Tour de France: Government slammed over plot to take the Yorkshire out of Grand Départ marketing

Fireworks light up the sky above Leeds Town Hall in celebration of the Yorkshire Grand Depart Le Tour de France 2014.

Fireworks light up the sky above Leeds Town Hall in celebration of the Yorkshire Grand Depart Le Tour de France 2014.

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Ministers have come under new fire over revelations that Whitehall officials are engaged in a plot to undermine the region’s role in hosting the start of next year’s Tour de France.

Shadow Culture Minister and Barnsley Central MP Dan Jarvis has attacked the Government over evidence civil servants are trying to rebrand the Grand Départ in Yorkshire.

Saturday’s Yorkshire Post revealed details of a private meeting which showed how the Department for Culture, Media and Sport (DCMS) had decided to market the event as the ‘England’ Grand Départ in a snub to the region’s tourism chiefs who last year beat the Government’s own Scottish-based bid to secure the landmark event.

Heavily-censored documents reveal UK Sport advised the Government not to give public money to the event secured by tourism agency Welcome to Yorkshire owing to concerns over the “financial and logistical viability of the plans”. It expressed “limited confidence in Welcome to Yorkshire’s leadership of the event”.

Both the department and UK Sport even tried to bypass Yorkshire altogether in marketing the event via the national tourism agency VisitEngland. The move is particularly controversial as showcasing Yorkshire to a worldwide audience is seen as a central benefit of hosting the race.

Yesterday Mr Jarvis, who has shadow responsibility for tourism, said: “Given so many people felt that London was the main recipient from the 2012 Olympics, I am saddened that the Government seem determined to undermine Yorkshire’s ability to use this as a unique marketing experience to showcase Yorkshire as an amazing tourist destination.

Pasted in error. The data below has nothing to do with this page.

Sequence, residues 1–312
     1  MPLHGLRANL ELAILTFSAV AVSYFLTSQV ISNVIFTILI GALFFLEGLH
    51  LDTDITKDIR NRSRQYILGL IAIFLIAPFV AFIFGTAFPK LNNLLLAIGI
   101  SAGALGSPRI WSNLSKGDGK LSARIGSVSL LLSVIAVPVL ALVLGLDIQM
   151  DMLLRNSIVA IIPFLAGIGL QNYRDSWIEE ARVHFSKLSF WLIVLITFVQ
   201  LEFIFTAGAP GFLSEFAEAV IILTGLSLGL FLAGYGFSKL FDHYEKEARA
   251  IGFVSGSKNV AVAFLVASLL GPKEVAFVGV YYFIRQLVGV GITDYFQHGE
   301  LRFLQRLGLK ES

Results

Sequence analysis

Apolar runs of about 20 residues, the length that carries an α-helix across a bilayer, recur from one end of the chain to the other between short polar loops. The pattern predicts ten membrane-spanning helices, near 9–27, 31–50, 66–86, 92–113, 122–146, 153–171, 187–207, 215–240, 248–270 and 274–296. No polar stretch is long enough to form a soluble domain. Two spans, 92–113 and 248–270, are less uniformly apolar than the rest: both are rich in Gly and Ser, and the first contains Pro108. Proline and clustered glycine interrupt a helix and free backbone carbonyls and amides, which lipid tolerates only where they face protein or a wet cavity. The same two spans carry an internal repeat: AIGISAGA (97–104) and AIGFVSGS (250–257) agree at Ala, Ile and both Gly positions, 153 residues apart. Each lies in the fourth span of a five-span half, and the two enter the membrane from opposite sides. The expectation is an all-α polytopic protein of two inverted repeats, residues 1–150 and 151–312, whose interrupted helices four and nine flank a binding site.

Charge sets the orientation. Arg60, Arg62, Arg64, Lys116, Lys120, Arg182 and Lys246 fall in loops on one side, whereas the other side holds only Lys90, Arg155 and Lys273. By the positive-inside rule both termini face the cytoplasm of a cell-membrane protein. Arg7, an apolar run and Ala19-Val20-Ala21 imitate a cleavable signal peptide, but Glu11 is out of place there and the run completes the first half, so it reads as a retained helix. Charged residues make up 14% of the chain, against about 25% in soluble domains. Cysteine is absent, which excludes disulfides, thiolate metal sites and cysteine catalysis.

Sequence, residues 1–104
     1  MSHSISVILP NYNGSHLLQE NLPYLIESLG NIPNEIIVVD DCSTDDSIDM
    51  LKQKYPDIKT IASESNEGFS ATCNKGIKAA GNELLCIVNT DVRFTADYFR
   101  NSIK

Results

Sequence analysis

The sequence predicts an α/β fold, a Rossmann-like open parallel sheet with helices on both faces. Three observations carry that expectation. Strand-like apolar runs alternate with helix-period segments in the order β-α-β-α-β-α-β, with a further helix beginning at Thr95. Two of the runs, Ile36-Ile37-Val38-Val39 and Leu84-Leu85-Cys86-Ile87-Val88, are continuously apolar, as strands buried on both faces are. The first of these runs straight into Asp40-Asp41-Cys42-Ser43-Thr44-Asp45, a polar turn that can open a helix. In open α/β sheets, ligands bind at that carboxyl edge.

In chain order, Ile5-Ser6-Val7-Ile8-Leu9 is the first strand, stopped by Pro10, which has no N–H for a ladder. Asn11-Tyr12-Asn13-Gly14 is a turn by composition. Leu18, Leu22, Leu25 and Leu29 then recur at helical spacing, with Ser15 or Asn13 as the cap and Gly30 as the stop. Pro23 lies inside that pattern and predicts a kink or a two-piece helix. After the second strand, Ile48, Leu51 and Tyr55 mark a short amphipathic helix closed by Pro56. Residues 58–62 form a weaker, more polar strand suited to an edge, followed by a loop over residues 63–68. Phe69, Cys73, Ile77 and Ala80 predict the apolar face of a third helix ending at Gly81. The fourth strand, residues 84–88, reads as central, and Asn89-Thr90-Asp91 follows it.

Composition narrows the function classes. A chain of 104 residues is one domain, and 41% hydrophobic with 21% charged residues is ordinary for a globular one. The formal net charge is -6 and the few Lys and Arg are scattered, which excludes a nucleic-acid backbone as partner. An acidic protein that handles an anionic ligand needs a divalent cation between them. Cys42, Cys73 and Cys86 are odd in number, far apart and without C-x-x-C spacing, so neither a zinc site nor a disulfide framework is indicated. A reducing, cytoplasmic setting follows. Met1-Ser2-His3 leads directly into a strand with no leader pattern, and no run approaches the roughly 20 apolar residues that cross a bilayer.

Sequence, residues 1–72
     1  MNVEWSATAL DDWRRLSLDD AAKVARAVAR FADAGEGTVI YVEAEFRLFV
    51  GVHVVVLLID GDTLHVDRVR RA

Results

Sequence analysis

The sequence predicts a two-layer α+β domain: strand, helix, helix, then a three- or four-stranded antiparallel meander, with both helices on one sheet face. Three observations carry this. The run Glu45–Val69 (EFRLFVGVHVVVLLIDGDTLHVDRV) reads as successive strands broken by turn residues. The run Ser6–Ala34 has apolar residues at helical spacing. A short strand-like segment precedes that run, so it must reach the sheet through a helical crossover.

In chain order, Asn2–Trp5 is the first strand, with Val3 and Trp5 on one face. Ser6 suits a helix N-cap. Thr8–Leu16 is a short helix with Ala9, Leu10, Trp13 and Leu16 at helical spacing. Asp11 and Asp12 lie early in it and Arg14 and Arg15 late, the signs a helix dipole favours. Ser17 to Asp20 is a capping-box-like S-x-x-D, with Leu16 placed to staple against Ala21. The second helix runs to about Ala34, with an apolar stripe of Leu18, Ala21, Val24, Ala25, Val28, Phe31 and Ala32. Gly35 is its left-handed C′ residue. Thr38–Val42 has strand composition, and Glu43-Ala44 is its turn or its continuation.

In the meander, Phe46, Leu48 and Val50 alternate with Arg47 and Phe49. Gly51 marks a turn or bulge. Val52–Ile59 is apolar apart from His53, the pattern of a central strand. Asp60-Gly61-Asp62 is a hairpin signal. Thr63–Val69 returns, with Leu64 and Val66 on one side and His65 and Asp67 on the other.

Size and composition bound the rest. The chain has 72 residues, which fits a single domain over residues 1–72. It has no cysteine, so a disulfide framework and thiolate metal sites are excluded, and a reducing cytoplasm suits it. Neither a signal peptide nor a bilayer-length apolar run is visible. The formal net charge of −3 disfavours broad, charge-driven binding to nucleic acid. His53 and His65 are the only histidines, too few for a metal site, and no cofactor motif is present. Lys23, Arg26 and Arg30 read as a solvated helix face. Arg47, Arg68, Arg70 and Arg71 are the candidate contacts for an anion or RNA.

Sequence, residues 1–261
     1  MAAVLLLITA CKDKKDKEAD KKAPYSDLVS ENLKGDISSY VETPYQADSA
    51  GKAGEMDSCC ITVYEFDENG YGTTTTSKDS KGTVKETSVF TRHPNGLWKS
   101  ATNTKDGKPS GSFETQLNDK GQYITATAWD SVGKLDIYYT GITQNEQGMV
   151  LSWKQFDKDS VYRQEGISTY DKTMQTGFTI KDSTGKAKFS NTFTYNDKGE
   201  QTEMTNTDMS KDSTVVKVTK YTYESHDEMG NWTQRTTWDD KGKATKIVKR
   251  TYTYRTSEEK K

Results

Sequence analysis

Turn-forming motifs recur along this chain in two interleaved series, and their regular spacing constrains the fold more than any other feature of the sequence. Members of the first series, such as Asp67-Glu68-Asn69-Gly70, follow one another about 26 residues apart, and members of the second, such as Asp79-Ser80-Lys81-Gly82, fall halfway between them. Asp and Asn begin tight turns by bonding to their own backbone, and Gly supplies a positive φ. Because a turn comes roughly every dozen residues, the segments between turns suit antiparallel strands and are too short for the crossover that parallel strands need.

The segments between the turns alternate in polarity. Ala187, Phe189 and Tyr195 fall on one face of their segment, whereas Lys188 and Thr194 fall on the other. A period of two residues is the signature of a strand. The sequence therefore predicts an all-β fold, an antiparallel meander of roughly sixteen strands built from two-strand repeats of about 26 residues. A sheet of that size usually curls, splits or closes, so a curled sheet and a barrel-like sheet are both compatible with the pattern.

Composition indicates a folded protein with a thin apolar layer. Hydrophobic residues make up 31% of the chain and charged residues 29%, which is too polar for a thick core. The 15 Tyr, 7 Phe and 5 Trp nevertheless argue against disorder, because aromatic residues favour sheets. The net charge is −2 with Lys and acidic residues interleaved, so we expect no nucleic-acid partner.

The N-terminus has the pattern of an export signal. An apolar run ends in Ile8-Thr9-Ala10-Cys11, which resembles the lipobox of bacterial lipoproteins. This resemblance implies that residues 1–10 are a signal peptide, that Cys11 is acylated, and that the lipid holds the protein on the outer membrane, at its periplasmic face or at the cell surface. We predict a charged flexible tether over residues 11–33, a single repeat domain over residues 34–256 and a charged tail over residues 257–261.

“The Tour de France is a global sporting event that will be watched by millions of people around the world.

“This fantastic opportunity was brilliantly secured by Welcome to Yorkshire in order to maximise the benefits for Yorkshire people and Yorkshire businesses.

“This is a unique opportunity to market Yorkshire’s tourist offer to a global audience.” He added: “Let’s be clear, the Tour de France is coming to Yorkshire because of the efforts of Welcome to Yorkshire and Leeds City Council.

“Whilst I understand that the Government, through DCMS and Sport England, has an important role to play in supporting work in the region to ensure this is a world-class sporting event, it’s important that the Grand Départ reflects the fact that this was a Yorkshire-based bid and that two of the three stages of the race take place in Yorkshire.

“This is the Yorkshire Grand Départ not the ‘England’ Grand Départ.”

Minutes of meetings released to the Yorkshire Post under the Freedom of Information Act reveal the depth of tension and mistrust between Whitehall and Yorkshire’s tourism and council officials.

Welcome to Yorkshire’s request for funding for a new tourism strategy to capitalise on the event was rejected by Sports Minister Hugh Robertson in April on the advice of UK Sport.

In a letter, he said neither he or UK Sport were “convinced this event needs an expensive marketing strategy”.

Visit England has now been tasked with marketing the event as the ‘England’s Grand Départ’ as after two days of racing through some of the most spectacular countryside in the UK in Yorkshire, the event will go on to a third stage between Cambridge and London.

Last month, a Press release from Visit England made 11 separate references to ‘England’ but only one to Yorkshire.

A deal which will see Yorkshire councils fund the event to the tune of £11m, with another £10m from the Treasury, has now been secured but Welcome to Yorkshire has been stripped of overall control.

Visit England has argued it is doing its job in supporting all destinations in England linked with the Tour de France.

The DCMS has insisted it will work closely with all tourism agencies “to maximise the benefits of hosting the start of the world’s biggest cycle race”.